A report from the International Data Corporation (IDC) predicts the worldwide spend on robotics will double by 2020. In 2016 $91.5 billion was spent, the leap to $188 billion will be driven by the price drop on sensors and software, allowing more businesses to create more products for more markets.
Presently over half of robotics spending comes from manufacturing. Discrete Manufacturing delivers 31%, Process Manufacturing 28% of 2016’s worldwide total. Manufacturing aside the industries spending the most on robotics are Resource Industries, Consumer and Healthcare.
Automation of jobs in these sectors will likely have an adverse affect anyone who welds, assembles, mixes or paints things. Anyone who answers telephones or crunches numbers. Anyone who cleans or repairs.
If robotics is going to be worth $188 billion in 2020 it is because there will be billions of savings and profits to be had from firing those pesky human employees who need things like houses, healthcare and food to survive. Repairing the robots is clearly an emerging field of work, but will there be enough jobs made to offset the losses?
A report from Forrester suggests robots imbued with artificial intelligence are likely to eliminate 6% of all jobs in the US by 2021. If the industry has grown dramatically but the employee numbers have been slashed, what does this do to wealth and income inequality or to unemployment rates? The US is an economically advanced nation. Countries without a basis of high-tech industries are even more at risk. 69% of India’s jobs are at risk of automation, in addition to 77% of Chinese jobs, 85% of Ethiopian jobs.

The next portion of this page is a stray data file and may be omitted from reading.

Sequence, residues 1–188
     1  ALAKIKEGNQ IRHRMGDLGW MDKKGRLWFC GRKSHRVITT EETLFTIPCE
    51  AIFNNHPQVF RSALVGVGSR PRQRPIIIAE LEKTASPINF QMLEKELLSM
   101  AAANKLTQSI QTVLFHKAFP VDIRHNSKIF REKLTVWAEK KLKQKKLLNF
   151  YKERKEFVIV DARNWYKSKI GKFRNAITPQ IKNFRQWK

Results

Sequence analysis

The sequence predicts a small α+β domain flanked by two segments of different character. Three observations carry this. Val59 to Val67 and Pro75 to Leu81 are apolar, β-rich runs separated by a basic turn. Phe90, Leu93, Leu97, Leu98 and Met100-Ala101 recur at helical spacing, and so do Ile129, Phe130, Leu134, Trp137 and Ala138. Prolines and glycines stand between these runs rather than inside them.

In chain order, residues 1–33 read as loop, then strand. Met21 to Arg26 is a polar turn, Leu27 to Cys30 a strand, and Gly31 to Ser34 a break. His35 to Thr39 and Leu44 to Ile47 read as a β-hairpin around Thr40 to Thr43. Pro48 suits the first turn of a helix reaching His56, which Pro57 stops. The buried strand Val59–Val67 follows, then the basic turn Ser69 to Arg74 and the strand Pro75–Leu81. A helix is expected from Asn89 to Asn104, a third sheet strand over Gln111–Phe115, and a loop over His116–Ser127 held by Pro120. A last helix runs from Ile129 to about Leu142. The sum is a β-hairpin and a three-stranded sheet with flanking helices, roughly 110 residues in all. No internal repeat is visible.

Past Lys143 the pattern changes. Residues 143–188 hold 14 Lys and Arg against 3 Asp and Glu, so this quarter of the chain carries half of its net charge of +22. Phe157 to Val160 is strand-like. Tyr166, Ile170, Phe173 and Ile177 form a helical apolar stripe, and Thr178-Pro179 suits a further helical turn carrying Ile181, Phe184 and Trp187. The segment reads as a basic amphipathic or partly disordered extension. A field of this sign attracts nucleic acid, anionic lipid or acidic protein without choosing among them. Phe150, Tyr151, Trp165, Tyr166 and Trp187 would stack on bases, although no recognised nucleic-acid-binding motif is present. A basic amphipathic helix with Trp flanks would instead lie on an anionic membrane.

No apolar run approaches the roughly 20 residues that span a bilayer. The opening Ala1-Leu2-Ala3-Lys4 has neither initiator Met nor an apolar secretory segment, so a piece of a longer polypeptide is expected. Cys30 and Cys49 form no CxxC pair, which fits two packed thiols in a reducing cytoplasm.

We’re at risk of putting insurmountable differences between ourselves because we’ve found a process which ends with the obsolete human (homo obsoletus). Innovation in robotics systems can make life easier. If we can automate human essentials such as food production, energy production, transportation and house building the capital vacuum caused by loss of employment can be made redundant itself. We can build a metaphorical safety net made of literal things. These things will become labour and they will work tirelessly as long as we tell them to.
Will a robot take your job? The BBC will let you know. Providing you have an automation proof job or the capability to switch fields consumer robotics available for purchase in 2020 will likely be quite fantastic.